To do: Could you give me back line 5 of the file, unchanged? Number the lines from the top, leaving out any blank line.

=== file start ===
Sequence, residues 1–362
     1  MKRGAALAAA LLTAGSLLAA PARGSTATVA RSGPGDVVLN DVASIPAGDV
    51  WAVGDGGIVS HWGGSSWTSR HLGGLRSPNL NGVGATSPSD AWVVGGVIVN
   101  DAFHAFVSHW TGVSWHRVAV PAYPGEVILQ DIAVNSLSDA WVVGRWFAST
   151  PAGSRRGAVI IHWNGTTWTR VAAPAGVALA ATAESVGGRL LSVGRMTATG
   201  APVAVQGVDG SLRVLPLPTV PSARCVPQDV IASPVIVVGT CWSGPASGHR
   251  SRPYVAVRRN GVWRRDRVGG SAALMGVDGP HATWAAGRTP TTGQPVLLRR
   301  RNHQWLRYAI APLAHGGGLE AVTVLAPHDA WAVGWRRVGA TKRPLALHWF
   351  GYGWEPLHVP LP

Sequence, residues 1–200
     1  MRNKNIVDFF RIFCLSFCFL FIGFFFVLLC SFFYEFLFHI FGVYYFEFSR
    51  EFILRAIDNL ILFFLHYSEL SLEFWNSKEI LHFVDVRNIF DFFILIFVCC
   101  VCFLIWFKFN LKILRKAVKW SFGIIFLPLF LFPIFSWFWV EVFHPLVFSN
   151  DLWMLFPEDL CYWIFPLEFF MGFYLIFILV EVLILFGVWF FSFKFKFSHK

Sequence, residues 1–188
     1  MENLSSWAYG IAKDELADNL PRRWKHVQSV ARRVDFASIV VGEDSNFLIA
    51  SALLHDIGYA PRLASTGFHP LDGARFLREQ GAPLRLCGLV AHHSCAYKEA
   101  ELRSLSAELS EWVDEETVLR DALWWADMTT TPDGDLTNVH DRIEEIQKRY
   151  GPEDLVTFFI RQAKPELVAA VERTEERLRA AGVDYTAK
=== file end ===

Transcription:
   151  PAGSRRGAVI IHWNGTTWTR VAAPAGVALA ATAESVGGRL LSVGRMTATG